Smoking has been linked with an increased risk for euploid abortion (Kline and coworkers, 1980). Two studies suggested that the abortion risk increased in a linear fashion with cigarettes smoked per day (Armstrong and colleagues, 1992; Chatenoud and associates, 1998). Subsequent studies, however, failed to support this association (Maconochie, 2007; Rasch, 2003; Wisborg, 2003, and all their coworkers).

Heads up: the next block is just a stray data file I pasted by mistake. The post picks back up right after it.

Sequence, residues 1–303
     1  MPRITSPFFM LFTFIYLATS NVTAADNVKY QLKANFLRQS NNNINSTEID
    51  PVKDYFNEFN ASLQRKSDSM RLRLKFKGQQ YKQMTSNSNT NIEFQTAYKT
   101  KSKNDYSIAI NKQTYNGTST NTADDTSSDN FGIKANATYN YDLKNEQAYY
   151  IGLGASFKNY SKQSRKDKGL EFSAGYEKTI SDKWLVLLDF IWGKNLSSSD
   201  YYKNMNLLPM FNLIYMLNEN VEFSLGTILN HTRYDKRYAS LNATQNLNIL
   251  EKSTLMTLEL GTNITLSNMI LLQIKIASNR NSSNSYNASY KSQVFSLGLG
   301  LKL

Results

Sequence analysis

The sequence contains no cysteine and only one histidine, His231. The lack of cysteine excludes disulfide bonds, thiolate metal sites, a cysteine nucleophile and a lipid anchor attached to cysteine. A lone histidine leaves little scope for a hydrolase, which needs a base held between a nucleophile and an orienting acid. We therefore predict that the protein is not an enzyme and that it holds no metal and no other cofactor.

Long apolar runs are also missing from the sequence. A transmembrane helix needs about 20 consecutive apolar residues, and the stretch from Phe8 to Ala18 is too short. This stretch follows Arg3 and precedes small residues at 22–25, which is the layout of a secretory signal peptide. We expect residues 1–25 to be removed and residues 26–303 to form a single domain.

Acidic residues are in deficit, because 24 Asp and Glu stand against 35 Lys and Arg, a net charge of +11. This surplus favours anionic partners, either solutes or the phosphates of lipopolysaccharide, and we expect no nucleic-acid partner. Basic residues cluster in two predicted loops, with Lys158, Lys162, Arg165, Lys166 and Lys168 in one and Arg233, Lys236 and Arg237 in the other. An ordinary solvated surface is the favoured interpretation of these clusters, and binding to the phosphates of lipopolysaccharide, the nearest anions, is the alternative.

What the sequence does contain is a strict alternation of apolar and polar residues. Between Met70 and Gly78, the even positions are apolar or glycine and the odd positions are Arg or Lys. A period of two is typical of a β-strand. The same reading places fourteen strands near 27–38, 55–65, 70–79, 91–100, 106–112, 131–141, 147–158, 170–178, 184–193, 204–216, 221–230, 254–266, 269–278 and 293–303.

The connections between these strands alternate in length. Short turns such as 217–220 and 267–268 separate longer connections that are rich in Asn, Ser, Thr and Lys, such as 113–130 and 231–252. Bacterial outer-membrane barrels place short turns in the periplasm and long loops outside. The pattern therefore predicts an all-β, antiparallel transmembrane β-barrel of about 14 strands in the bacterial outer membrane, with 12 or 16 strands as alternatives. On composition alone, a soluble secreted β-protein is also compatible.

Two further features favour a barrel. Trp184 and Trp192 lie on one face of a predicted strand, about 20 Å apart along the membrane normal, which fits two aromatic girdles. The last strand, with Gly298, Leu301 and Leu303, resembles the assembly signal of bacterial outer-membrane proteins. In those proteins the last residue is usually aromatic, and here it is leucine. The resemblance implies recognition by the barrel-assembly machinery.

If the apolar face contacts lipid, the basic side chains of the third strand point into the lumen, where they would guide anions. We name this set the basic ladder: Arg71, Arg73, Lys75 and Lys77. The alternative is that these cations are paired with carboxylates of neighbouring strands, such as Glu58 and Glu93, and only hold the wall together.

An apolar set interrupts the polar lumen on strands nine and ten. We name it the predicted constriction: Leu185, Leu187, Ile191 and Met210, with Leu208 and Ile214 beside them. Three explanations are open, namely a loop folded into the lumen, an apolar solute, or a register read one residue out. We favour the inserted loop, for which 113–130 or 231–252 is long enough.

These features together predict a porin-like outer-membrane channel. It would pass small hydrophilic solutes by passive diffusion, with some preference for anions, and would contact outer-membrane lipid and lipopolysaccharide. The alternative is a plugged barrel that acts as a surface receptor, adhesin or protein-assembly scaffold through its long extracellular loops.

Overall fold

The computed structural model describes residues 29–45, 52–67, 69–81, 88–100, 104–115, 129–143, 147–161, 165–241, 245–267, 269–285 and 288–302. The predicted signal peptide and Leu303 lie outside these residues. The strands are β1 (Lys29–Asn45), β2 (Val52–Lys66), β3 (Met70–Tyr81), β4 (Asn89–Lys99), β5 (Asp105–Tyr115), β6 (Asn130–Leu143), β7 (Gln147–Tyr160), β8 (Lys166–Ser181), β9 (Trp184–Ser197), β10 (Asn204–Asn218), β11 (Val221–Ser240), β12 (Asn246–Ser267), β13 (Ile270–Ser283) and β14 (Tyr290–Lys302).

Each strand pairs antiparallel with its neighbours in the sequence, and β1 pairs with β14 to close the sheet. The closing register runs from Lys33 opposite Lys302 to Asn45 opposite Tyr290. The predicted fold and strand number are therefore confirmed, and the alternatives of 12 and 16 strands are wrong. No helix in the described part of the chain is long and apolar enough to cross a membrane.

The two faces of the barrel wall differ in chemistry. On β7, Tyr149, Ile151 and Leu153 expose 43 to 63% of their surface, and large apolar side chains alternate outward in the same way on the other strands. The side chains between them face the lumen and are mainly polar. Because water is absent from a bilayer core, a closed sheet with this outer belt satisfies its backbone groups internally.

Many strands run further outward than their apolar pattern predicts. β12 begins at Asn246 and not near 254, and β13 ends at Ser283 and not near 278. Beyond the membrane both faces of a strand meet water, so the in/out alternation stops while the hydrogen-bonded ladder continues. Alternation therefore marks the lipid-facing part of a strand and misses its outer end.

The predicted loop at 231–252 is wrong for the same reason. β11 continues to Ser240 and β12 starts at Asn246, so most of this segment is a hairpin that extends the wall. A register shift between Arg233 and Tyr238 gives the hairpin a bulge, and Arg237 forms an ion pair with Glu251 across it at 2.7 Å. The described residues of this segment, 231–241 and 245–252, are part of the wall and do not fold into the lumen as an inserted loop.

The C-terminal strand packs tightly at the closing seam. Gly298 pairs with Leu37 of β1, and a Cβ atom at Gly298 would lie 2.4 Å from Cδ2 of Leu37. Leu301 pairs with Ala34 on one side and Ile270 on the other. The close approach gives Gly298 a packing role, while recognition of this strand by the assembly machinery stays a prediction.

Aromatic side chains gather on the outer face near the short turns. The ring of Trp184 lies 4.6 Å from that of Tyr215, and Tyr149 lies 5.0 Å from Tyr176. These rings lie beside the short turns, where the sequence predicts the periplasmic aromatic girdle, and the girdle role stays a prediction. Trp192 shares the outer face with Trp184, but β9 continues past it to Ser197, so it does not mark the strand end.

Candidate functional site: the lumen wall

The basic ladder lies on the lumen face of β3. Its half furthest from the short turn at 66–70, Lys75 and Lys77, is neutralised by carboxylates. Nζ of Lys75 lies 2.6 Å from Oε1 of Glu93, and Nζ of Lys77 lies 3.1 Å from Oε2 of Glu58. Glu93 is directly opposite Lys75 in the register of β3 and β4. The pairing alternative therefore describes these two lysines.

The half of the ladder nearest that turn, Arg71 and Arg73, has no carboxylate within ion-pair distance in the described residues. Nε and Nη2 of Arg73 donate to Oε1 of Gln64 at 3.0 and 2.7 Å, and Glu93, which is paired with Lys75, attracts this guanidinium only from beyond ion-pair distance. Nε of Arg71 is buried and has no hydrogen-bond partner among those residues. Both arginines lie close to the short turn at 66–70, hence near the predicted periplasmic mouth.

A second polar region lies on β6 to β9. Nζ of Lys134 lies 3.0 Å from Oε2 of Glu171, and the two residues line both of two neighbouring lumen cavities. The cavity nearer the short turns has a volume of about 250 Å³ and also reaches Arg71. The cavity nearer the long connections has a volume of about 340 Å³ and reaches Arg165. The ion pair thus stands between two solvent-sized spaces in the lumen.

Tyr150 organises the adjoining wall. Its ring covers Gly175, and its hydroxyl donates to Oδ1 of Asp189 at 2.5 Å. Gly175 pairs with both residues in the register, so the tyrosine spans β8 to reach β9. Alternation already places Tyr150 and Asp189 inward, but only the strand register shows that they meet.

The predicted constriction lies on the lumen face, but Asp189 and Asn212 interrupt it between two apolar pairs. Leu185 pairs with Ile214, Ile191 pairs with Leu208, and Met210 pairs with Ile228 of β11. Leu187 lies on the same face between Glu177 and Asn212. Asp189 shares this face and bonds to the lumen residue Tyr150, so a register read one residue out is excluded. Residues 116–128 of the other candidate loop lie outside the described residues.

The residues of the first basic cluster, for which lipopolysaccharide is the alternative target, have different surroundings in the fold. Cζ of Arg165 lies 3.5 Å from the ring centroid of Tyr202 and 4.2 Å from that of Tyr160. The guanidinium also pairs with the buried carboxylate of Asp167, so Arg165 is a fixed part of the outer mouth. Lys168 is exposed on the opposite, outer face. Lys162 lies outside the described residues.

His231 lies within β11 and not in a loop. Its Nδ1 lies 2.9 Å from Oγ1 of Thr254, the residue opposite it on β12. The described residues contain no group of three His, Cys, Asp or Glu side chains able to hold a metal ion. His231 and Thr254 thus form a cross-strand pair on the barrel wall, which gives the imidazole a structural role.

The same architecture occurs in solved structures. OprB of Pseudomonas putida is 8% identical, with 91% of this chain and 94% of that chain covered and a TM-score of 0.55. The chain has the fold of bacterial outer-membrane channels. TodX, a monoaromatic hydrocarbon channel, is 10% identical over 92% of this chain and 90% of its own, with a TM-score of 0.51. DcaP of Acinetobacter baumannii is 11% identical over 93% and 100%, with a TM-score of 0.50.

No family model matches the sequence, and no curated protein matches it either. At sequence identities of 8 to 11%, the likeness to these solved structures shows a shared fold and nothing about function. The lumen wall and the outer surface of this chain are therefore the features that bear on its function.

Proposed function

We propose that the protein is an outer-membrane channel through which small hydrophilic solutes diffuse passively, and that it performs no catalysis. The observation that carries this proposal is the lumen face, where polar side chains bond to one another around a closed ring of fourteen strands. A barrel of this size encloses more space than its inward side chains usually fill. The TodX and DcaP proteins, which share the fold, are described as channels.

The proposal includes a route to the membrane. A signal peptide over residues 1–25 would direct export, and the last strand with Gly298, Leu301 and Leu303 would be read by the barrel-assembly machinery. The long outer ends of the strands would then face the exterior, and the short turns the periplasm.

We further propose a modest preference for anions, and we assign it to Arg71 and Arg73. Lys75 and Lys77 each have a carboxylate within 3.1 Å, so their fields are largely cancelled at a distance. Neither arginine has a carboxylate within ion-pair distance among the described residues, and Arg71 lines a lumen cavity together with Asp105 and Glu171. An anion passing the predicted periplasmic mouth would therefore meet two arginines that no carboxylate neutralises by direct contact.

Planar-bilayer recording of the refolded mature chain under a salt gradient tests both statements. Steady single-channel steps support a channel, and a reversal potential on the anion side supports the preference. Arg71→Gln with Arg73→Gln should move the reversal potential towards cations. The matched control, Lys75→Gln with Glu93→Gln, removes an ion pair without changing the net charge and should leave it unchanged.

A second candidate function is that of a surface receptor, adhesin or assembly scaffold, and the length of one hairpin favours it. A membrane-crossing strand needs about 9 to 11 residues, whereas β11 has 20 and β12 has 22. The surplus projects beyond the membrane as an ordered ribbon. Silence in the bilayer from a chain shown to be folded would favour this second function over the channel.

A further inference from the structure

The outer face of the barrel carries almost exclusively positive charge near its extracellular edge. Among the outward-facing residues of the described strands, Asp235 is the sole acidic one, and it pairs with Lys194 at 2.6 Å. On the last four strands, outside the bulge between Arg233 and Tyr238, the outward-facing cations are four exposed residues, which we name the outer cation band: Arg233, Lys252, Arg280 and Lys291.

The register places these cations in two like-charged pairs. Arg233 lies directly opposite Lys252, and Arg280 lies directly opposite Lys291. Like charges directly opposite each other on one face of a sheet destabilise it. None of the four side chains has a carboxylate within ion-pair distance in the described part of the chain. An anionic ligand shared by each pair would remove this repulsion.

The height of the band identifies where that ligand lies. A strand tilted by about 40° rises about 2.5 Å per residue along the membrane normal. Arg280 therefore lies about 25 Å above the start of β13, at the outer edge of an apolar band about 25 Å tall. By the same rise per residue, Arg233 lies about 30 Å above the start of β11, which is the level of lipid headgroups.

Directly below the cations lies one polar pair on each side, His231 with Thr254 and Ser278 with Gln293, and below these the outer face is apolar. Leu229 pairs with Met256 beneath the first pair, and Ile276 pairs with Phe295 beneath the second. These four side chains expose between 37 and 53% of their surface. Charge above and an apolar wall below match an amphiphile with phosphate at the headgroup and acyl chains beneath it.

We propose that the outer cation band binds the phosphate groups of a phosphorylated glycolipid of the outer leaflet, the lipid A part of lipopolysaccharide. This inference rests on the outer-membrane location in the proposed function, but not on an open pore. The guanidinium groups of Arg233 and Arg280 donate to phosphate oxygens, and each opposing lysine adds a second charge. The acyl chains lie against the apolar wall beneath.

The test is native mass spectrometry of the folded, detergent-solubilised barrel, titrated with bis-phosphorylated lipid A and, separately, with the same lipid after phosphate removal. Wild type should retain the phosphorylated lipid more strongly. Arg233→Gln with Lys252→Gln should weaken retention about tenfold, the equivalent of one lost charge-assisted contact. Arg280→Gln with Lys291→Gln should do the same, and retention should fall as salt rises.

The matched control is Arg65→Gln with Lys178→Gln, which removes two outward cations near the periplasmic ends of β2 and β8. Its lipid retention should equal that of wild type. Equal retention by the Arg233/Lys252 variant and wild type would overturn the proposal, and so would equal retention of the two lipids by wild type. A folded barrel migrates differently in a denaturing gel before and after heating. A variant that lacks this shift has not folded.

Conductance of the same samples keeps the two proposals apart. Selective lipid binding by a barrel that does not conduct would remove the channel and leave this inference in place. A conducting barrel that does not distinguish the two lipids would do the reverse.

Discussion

Both spontaneous abortion and fetal anomalies may result from frequent alcohol use during the first 8 weeks of pregnancy (Floyd and coworkers, 1999). The risk seems to be related to both frequency and dose (Armstrong and associates, 1992). A low level of alcohol consumption during pregnancy was not associated with a significant risk for abortion (Kesmodel and associates, 2002; Maconochie and coworkers, 2007).